Despite limiting the number of articles unsubscribed readers can view monthly, The New York Times does not limit views of its homepage. Fortunately for readers, the homepage is packed with information.
Readers are directed to the “global edition” page “with the International Herald Tribune” when they access http://www.nytimes.com. The page reads similarly to a printed paper. The New York Times displays its banner across the top and offers a picture, a large headline and columns of text. However, unlike a printed paper, instead of listing full stories, The New York Times lists several headlines (which are links) and the first few lines of a lead to a story in those columns.
In addition to clicking on appealing headlines, readers can direct their experience by using tabs. Along the top of the page, readers can choose to view the homepage, the day’s paper, videos or the most popular stories. They can further specify their interests by using taps along the left side of the page, where they can view stories by categories including region and topic (what would be sections in traditional papers). At the bottom of the page, readers can scroll through The New York Times’ blogs.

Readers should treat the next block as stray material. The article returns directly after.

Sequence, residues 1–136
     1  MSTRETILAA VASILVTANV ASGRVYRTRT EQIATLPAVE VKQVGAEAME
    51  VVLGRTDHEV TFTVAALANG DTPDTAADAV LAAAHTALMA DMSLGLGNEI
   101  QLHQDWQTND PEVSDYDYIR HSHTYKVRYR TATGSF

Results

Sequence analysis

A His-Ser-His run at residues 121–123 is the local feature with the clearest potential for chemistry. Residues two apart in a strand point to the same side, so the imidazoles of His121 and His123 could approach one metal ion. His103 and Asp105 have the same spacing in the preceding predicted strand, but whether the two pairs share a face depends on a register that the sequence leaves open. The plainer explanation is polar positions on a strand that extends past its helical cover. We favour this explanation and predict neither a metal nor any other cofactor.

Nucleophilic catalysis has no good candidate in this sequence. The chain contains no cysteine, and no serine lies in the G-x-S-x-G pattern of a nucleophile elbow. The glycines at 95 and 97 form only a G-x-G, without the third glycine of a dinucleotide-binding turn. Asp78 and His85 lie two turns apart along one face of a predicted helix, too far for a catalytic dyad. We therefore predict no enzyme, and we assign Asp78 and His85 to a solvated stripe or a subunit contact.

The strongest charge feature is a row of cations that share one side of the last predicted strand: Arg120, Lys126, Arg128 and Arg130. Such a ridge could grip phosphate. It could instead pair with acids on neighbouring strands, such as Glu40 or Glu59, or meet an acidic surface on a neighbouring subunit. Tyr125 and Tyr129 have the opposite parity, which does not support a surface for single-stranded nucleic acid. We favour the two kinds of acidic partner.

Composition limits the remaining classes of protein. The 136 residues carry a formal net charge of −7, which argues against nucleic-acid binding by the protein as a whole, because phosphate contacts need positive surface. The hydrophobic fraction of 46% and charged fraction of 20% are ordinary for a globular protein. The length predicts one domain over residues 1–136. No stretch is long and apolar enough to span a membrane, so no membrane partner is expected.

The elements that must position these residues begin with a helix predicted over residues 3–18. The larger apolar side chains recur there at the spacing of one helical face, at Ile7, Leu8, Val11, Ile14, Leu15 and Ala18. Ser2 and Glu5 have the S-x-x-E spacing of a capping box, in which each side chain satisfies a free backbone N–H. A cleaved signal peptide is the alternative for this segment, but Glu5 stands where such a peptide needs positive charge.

The New York Times succeeds with their homepage. It allows readers to directly control their experience, while still driving them to the most important stories. Fonts, colors and other artistic elements remain consistent throughout the page, further easing the reading experience. One of the few disadvantages to the page, is the wealth of information offered. Readers are unable to absorb all the information on the homepage, as The New York Times includes headlines to more than 10 stories. Few opportunities to share directly from the homepage exist (though they are easily accessible once an article is selected).
Nevertheless, allowing the viewer flexibility while providing diverse and newsworthy information are among the most important aspects of online journalism, and The New York Times succeeds there.